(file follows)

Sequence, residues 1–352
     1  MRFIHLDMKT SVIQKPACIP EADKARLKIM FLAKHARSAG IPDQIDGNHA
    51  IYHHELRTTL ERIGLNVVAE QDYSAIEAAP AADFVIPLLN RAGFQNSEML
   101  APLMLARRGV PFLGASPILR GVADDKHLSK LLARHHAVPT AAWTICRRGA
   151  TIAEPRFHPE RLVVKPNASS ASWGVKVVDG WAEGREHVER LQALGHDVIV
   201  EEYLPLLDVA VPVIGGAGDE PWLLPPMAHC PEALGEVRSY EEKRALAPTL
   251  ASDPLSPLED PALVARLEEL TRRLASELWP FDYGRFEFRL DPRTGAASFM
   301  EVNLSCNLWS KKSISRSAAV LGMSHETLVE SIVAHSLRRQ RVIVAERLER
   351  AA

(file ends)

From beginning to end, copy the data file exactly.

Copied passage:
Sequence, residues 1–352
     1  MRFIHLDMKT SVIQKPACIP EADKARLKIM FLAKHARSAG IPDQIDGNHA
    51  IYHHELRTTL ERIGLNVVAE QDYSAIEAAP AADFVIPLLN RAGFQNSEML
   101  APLMLARRGV PFLGASPILR GVADDKHLSK LLARHHAVPT AAWTICRRGA
   151  TIAEPRFHPE RLVVKPNASS ASWGVKVVDG WAEGREHVER LQALGHDVIV
   201  EEYLPLLDVA VPVIGGAGDE PWLLPPMAHC PEALGEVRSY EEKRALAPTL
   251  ASDPLSPLED PALVARLEEL TRRLASELWP FDYGRFEFRL DPRTGAASFM
   301  EVNLSCNLWS KKSISRSAAV LGMSHETLVE SIVAHSLRRQ RVIVAERLER
   351  AA